Without a doubt the topic that seems to confuse people the most when using Ansible Tower is working with Credentials. Especially how to pass multiple credentials from either an external Secret Management source (which we’ve looked at a few times here) or just defining some arbitrary set of credentials and using them in a template. I get emails about this topic from readers on a fairly regular basis and professionally . . .
A question that I’ve been approached about several times recently is how to lookup multiple Hashicorp Vault Secrets and assign them to a single Ansible Tower Credential for use in a Playbook. A while ago I looked at the process of integrating Hashicorp Vault with Ansible Tower (a less that perfect process in the first place) but this has repeatedly led to the same question about multiple Secrets, so in . . .
Recently I’ve been presented with the same question from a couple of readers so I’m going to run through it quickly. A while back I looked at integrating Azure KeyVault with Ansible Tower (a horribly documented scenario in my experience), but I didn’t really cover how to call multiple KeyVault Secrets and assign them to a single Ansible Tower Credential for use in a Playbook. Please take a look at . . .
Previously we’ve discussed the deployment of Docker containers to Azure and managing Scale Out of instances but not the use of Docker directly. The terminology of Docker has become a little confused of late as containers become the new hot topic, for clarity Docker itself is an application that can be used to create, manage and orchestrate containers, and it’s the orchestration that we’re going to be looking at in . . .
In my recent posts I’ve covered the hardened setup of Vault and covered the basics of using the REST API. As we’ve seen so far, Vault is primarily designed for programmatic interactions from external systems via the API, so lets take a look a favourite of mine; Ansible Tower, which is a prime candidate as a third party system which often has a requirement to call secrets from external systems. . . .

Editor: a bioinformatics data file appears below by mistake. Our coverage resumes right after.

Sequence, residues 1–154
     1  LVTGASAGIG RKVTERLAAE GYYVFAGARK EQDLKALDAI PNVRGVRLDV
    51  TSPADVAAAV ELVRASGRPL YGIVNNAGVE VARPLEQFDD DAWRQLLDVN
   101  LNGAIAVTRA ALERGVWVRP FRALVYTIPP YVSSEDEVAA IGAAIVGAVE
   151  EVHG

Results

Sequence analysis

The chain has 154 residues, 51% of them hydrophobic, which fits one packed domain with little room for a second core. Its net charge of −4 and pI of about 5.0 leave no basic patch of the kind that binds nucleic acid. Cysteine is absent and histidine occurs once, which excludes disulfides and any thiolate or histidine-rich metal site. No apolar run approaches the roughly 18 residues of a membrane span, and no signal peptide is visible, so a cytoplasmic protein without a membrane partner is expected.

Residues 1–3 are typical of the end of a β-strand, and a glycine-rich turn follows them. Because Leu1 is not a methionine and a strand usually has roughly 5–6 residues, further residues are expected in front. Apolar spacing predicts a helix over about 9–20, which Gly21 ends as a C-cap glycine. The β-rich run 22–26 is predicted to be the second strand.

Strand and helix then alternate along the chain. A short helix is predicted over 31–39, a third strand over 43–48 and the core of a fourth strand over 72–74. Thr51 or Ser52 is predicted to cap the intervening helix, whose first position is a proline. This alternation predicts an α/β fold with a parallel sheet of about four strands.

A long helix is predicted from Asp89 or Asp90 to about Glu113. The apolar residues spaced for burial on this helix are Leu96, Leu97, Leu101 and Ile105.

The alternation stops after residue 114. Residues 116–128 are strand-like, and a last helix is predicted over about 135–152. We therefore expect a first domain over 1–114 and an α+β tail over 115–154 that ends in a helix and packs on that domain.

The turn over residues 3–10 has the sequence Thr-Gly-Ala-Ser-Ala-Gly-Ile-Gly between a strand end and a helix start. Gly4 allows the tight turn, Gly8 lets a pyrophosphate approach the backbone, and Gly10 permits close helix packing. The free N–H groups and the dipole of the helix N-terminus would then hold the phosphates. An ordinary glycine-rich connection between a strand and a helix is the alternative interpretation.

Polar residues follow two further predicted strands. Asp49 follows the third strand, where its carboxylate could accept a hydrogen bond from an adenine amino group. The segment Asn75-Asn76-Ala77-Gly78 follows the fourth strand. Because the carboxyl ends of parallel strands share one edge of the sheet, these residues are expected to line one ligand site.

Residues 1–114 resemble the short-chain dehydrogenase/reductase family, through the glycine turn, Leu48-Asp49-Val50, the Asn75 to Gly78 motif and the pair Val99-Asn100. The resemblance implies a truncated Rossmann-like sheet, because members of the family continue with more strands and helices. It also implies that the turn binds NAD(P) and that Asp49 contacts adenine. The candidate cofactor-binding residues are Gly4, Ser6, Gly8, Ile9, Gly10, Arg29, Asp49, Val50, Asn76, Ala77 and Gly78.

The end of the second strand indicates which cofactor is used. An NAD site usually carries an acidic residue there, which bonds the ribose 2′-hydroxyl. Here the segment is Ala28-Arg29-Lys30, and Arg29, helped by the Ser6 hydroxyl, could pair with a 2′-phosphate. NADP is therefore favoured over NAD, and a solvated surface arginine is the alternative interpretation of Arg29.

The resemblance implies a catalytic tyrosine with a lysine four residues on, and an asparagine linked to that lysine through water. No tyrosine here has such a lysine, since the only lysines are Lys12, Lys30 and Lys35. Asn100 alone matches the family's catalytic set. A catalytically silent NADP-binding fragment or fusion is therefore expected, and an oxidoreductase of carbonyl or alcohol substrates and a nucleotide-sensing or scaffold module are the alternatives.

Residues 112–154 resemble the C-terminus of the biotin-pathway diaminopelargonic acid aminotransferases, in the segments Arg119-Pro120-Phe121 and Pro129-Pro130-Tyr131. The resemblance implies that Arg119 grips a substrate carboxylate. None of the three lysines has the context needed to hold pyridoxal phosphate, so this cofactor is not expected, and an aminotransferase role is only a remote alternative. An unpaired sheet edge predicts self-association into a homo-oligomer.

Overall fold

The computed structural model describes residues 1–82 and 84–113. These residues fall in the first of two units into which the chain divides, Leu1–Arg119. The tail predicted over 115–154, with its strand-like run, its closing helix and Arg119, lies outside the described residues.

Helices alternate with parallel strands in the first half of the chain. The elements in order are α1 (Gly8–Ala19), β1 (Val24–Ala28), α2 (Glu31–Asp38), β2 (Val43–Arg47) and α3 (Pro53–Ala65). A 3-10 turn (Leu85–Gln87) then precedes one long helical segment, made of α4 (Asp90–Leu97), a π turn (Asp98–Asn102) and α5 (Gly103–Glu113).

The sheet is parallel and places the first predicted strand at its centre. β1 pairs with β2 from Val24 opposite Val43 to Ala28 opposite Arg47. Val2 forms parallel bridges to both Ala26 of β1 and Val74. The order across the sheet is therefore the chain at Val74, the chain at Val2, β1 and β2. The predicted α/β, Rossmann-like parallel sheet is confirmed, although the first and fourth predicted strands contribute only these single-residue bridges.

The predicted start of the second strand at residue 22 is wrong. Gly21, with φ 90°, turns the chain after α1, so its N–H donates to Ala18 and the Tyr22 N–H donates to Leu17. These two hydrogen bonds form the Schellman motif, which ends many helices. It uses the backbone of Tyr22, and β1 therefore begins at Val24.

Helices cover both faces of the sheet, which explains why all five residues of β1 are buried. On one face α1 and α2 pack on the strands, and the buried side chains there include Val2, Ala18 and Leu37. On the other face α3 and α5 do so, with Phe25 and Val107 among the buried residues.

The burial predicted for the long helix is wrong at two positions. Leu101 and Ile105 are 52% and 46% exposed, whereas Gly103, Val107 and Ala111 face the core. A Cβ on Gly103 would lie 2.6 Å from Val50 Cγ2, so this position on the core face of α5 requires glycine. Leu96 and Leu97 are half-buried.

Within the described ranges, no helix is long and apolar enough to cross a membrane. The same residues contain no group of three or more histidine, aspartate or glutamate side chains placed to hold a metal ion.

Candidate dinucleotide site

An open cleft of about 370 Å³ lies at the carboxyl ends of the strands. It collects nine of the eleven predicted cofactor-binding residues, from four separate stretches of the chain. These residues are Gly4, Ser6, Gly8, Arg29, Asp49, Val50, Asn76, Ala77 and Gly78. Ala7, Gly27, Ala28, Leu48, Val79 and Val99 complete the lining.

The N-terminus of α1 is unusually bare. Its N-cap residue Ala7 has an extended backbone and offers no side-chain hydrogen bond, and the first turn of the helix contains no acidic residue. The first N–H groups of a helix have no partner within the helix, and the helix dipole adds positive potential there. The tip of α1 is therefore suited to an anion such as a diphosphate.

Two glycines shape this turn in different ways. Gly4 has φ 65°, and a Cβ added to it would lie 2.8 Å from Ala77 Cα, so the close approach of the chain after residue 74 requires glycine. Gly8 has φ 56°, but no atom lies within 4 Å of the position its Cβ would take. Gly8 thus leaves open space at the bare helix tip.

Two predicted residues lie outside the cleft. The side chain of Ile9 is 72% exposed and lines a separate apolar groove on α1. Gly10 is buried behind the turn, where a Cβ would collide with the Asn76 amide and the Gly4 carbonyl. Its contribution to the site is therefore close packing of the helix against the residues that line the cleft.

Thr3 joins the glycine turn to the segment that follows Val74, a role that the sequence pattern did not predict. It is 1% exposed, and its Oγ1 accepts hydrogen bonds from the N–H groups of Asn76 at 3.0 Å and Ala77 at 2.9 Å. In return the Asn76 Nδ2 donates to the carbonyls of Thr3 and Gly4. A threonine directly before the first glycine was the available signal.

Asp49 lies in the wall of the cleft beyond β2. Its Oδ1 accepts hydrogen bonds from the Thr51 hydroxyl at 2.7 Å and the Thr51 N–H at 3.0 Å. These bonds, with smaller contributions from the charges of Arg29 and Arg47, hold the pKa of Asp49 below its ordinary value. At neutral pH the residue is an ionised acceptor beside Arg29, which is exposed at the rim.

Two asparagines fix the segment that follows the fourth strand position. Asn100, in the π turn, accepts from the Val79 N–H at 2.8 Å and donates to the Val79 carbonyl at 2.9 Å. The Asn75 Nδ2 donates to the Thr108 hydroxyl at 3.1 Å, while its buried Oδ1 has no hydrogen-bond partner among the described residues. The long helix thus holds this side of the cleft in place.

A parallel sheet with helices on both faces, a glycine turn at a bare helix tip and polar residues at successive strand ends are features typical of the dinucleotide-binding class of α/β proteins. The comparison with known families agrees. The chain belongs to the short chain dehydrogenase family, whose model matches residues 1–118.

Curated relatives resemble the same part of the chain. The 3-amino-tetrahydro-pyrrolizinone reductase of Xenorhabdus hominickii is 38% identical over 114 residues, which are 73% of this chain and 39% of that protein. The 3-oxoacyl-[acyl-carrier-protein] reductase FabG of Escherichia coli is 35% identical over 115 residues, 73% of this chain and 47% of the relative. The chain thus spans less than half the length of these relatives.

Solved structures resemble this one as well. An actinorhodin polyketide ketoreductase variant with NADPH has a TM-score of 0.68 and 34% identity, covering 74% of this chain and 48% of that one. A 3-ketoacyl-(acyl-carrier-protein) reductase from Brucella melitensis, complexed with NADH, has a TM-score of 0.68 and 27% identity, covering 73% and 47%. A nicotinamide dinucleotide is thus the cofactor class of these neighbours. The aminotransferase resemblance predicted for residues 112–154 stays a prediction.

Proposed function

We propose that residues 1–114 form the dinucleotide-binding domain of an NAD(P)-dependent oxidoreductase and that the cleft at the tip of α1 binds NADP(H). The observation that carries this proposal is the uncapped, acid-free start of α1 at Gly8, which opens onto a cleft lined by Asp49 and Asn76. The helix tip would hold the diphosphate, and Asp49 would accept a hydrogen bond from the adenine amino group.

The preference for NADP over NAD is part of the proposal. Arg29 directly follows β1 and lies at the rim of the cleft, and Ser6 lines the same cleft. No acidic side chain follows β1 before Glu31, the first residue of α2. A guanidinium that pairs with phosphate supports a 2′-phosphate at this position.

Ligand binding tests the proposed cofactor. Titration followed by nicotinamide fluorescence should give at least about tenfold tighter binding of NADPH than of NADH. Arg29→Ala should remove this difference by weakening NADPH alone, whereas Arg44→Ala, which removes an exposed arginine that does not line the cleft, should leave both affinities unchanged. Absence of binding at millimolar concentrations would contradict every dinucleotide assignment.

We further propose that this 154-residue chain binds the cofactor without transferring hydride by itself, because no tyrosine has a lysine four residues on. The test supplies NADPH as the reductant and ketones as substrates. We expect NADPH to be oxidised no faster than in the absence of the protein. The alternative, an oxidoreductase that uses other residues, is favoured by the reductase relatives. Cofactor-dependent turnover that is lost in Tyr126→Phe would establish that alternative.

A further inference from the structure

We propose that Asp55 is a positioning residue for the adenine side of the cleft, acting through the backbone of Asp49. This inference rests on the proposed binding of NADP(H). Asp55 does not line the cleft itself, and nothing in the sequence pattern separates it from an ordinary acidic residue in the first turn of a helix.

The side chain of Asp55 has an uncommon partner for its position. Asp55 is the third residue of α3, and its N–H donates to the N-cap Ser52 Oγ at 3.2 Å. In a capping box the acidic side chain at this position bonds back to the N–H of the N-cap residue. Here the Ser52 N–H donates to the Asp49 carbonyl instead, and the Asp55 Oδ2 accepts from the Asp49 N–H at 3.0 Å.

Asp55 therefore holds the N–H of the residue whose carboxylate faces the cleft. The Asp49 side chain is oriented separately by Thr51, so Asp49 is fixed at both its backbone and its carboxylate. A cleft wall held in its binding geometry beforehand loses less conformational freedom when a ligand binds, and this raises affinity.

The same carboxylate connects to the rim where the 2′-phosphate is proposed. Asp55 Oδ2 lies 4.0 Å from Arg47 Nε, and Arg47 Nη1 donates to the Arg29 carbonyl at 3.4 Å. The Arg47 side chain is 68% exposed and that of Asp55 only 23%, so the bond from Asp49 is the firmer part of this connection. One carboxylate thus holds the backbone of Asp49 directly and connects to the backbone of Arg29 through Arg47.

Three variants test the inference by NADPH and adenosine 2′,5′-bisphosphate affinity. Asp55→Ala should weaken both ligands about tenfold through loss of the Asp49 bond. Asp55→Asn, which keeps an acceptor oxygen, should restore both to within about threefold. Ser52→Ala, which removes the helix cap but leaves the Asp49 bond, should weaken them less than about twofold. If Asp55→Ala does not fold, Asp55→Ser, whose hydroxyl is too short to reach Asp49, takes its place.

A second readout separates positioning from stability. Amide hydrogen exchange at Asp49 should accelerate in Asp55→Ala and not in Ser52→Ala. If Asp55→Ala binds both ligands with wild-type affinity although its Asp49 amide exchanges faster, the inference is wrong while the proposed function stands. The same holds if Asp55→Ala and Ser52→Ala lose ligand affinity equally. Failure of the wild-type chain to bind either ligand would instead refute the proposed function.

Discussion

Recently we looked at integrating Ansible Tower with Hashicorp Vault, but I thought it would be worth taking a look at another popular Secrets management system, Azure Key Vault. Whilst the solution isn’t exactly the same using Azure Key Vault and Tower was my first time trying to integrate Ansible with a centralised Secrets repository, so let’s take a look at how to achieve the integration as it’s not very . . .
Following my look at integrating Ansible Tower with Windows, I thought I’d take a look at another common requirement that needs some slight tweaking (though not nearly to the extent of Windows), networking devices, specifically Cisco devices running IOS, ASA and NX-OS platforms. Networking – It’s Built In Unlike the additional layers of configuration that comes with Windows, the use of Cisco platforms is native to Ansible, however some steps . . .
Since the release of Ansible 1.7, way back in the forgotten era of 2014, Ansible can connect to Windows (2008 and higher) using remote PowerShell over that most finicky of mechanisms, WinRM. Red Hat are quick to sell the unilateral management capabilities of Ansible (which do exist), but under the hood we see a uniquely Windows problem. Ansible was built for SSH initially and because Microsoft as ever adopt a . . .
UPDATE: At the time I wrote this the Netbox Collection was still pretty immature, it isn’t anymore. If you’re trying to do a simple task then you probably just want to go and install the Netbox Collection from Ansible Galaxy and use the native Modules. You can find the Collection here! Ansible Tower and Netbox are two of my favourite tools, and their integration is seemingly painless on the surface . . .
One of Ansible’s most brilliant features is Privilege Escalation, the ability to enter the context of a more privileged user following an initial connection to either your local or remote node, however a bizarre little caveat in Tower I haven’t been able find documented anywhere and it refers to the use of a system account (by default named awx) on the localhost. What Is AWX Anyway? Floating around all over . . .